Cannes 2014: Our picks of the Competition programme

The finishing touches are now underway on the world famous Croisette and the Palais du Cinema in preparation for the 67th Cannes Film Festival, which opens tomorrow (14 April) with Nicole Kidman’s geographically apposite Grace Kelly biopic, Grace of Monaco. Co-starring Frank Langella, Robert Lindsay and Tim Roth, and directed by French director Olivier Dahan (best-known for 2007’s La Vie en Rose), the drama looks a far more spiky and assured affair than that other recent real-life princess picture we’re all desperately trying to forget. However, once the competition proper kicks off the day after, what else stands out in this year’s programme? Here, our regular Cannes correspondent John Bleasdale offers his picks from the four themes running through the festival. What are your highlights?

The British are coming

British master filmmakers Mike Leigh and Ken Loach will go head to head in this year’s Palme d’Or race, eschewing their more regular contemporary social realism for Irish drama Jimmy’s Hall and the Timothy Spall-starring J.M.W. Turner biopic Mr. Turner respectively (with Spall already favourite with the bookies for the Best Actor prize). Both acclaimed directors have had success in the past on the Cannes Croisette and also are hugely appreciated in Europe (more so than in their native British, so the festival’s organisers would have us believe) and they’ve also both proved themselves adept at handling the discipline of historical drama. It may end up being more Leigh and Loach than Leigh versus Loach, but it’s still great to see two of the UK’s finest directorial veterans flying the flag for our own industry.

Will the West be winning
Despite the genre’s flagging commercial appeal, remarkably there are three self-described ‘westerns’ in Competition at Cannes this year. Two-time Palme d’Or winners the Dardenne brothers return with their cheekily characterised ‘Belgian western’ Two Days, One Night, starring Oscar-winner Marion Cotillard (with Dahan’s La Vie en Rose no less) as a woman who must persuade her colleagues to give up their bonuses so she can save her job; a kind of credit crunch High Noon. Meanwhile, Mads Mikkelsen rides again (following last year’s Michael Kohlhaas) as a Danish exile who must avenge the killing of his family in Kristian Levring’s The Salvation. Elsewhere, Hollywood royalty comes to town with Tommy Lee Jones’ second directorial outing, The Homesman. With Hilary Swank starring alongside Jones, word is already positive on his film being a possible Palme contender.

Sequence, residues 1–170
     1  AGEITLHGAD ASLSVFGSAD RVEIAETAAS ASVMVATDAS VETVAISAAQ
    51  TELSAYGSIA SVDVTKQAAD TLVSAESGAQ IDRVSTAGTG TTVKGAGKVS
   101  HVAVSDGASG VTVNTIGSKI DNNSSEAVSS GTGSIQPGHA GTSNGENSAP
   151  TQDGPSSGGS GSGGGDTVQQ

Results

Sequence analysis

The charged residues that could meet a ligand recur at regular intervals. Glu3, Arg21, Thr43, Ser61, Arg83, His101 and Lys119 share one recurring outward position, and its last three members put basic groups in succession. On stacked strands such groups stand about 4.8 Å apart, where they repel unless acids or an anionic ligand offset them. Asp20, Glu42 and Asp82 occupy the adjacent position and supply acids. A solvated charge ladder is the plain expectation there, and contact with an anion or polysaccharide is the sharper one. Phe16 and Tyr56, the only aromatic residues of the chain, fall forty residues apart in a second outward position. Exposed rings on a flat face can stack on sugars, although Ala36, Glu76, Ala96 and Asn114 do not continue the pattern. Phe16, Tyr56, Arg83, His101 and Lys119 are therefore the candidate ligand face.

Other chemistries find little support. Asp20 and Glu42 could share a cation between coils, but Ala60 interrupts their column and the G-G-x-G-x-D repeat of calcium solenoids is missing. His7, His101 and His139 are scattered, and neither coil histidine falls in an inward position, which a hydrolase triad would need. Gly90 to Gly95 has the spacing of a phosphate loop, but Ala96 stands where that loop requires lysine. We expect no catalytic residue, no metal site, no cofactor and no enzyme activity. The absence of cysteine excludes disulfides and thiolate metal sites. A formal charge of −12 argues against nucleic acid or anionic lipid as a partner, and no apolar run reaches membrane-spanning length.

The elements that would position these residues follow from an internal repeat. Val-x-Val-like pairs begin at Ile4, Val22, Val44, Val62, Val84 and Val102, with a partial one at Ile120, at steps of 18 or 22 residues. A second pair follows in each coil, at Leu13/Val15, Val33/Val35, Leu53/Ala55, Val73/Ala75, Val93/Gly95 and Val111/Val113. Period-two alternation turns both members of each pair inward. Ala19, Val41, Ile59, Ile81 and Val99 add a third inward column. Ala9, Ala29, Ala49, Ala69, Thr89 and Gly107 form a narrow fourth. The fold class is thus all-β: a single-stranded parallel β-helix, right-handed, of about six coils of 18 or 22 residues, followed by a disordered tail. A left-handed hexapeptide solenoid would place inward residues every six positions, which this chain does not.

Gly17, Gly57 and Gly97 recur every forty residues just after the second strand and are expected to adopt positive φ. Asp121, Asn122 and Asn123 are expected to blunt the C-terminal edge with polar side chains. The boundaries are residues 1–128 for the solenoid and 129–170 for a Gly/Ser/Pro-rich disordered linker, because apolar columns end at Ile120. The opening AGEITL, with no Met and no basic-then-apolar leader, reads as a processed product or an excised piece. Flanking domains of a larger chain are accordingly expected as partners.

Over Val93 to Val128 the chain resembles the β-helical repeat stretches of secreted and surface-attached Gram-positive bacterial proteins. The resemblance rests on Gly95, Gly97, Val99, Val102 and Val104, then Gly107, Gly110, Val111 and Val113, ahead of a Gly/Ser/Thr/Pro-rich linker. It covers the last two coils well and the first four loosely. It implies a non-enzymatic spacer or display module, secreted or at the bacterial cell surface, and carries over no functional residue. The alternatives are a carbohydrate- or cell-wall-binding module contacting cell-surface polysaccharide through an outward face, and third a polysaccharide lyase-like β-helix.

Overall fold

Actors behind the camera in Un Certain Regard

While TLJ duking it out in the main competition, Hollywood heartthrob Ryan Gosling (in attendance at Cannes last year with Nicolas Winding Refn’s Only God Forgives) will be joining the ranks of thespians trying their hand behind the camera in the Un Certain Regard section. Previously known as How to Catch a Monster, Lost River is reportedly a dark fantasy starring Christina Hendricks, Eva Mendes, Saoirse Ronan and Matt Smith. Also in the Un Certain Regard section is Italian actress Asia Argento (daughter of giallo director Dario), who returns with her third feature, the semi-autobiographical coming-of-age drama Incompresa, starring indie darling Charlotte Gainsbourg. Finally, it wouldn’t be Cannes without Mathieu Amalric, who stars in and directs thriller The Blue Room (Le Chambre Bleu).

The arthouse heavyweights
Turning away slightly from last year’s more commercial lineup, the Croisette will naturally be hosting some strong arthouse contenders. Abel Ferrara unveils his Dominique Strauss-Kahn drama Welcome to New York, starring Gerard Depardieu as the disgraced former IMF head. David Cronenberg’s Maps to the Stars will vie with Clouds of Sils Maria by Olivier Assayas, as will Julianne Moore/Juliette Binoche as the fading stars beset by younger rivals Mia Wasikowska and Kristen Stewart (with Robert Pattinson also lurking in the former). Already a hot favourite for the Palme d’Or, Nuri Bilge Ceylan’s Winter Sleep may be the longest film of the festival, but also arrives with grand expectations following his mesmerising Once Upon a Time in Anatolia. Likewise, celebrated Russian director Andrey Zvyagintsev’s Leviathan also has many critics in a lather. Set in an unnamed country and based on the Book of Job, Zvyagintsev’s is the last film to screen in competition and could prove a tricky obstacle for any frontrunner.

The 67th Cannes Film Festival takes place from 14-25 May 2014. For more Cannes coverage, simply follow this link.

John Bleasdale